On Tuesday night a flush crowd indeed gathered at the Whitney Museum to see Jeff Koons host the Wall Street Journal‘s first Donor of the Day Celebration, a black-tie evening to honor philanthropists who recently spotlighted in the paper’s column about impressive altruists. Presented by Harry Winston and Oscar de la Renta, the gala also served up an unintended boon: it brought its wealthy honorees within range of the Whitney’s fundraisers, who are currently laying the groundwork for a blowout 2014 show to cap the museum’s half-century stay at the Marcel Breuer building on East 75th Street before heading down the Meatpacking District. That exhibition, a career survey of Koons’s hugely popular—and enormously costly—art, promises to be one of the most expensive in the Whitney’s history.
Scott Rothkopf, the young superstar curator who has been quietly organizing the show for over a year now, was good-naturedly shuttling from one cluster of patrons to another. A “scholarly” overview of Koons’s oeuvre, the exhibition will fill all but one floor of the museum—the first time the artist’s work has been shown in depth since his 2008 survey at the Château de Versailles. Will Puppy, the artist’s monumental sculpture of a good dog made from 70,000 fresh-cut flowers (which Jerry Saltz dubbed the best artwork of the last decade), be kenneled in the show? While the beloved sculpture hasn’t been seen in New York since being displayed at Rockefeller Center in 2000, and while the dog could be spectacularly displayed in Central Park as part of the exhibition, Rothkopf said it would be unlikely unless a generous patron steps forward to foot the considerable bill for the piece. Hmm… perhaps a certain public-art-loving billionaire mayor whose epic term ends on January 1, 2014, could be persuaded to pick up the tab?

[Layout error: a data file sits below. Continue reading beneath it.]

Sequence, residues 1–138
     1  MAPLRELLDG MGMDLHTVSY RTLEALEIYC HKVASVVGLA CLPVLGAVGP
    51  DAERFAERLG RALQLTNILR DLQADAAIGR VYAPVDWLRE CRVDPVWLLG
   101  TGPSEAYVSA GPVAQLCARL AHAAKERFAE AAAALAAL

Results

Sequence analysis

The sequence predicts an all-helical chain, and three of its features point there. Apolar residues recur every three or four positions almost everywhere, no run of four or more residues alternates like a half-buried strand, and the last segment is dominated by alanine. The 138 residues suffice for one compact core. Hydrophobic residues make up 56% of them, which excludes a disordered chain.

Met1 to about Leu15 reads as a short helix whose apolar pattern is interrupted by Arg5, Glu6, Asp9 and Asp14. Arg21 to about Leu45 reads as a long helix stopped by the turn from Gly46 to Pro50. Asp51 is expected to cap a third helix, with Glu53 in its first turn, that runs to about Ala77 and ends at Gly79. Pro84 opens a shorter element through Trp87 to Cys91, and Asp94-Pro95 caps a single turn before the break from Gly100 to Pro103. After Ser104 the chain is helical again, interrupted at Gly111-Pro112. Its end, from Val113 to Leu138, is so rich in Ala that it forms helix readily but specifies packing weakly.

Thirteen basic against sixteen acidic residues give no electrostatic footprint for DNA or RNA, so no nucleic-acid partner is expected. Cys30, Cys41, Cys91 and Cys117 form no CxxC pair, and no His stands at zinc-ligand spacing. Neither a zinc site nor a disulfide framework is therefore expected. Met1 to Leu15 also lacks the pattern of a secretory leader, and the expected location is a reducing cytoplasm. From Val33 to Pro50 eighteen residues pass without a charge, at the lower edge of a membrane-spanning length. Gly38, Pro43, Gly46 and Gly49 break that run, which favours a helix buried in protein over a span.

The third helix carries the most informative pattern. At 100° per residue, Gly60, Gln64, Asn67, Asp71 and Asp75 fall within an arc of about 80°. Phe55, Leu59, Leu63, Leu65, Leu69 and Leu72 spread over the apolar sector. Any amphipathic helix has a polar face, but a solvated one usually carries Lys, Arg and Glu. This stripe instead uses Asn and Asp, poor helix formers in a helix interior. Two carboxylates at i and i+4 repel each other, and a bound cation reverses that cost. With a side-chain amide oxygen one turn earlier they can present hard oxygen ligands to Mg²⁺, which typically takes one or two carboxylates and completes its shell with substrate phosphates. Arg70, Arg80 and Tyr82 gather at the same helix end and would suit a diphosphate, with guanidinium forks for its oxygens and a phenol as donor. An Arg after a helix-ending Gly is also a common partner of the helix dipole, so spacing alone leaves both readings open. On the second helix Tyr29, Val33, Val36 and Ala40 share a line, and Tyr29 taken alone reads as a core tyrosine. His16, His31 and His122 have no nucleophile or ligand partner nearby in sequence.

Speaking of patrons, Koons himself was honored at the ceremony for his generous support of the International Centre for Missing and Exploited Children through his Koons Family Institute, a charitable organization he created after losing his son, Ludwig, when his ex-wife, the porn star Ilona Staller, took the boy to Italy despite Koons’s legal custody. Koons gave an emotional speech about his charity work before ceding the stage to ICMEC executive Ernie Allen as a crowd including Susan Sarandon, Daniel Boulud, Glenn Fuhrman, Alex Tisch, Jeanne Greenberg Rohatyn, and John Varvatos looked on. Finally, the night was concluded with a rousing set by singer-songwriter Brandi Carlile.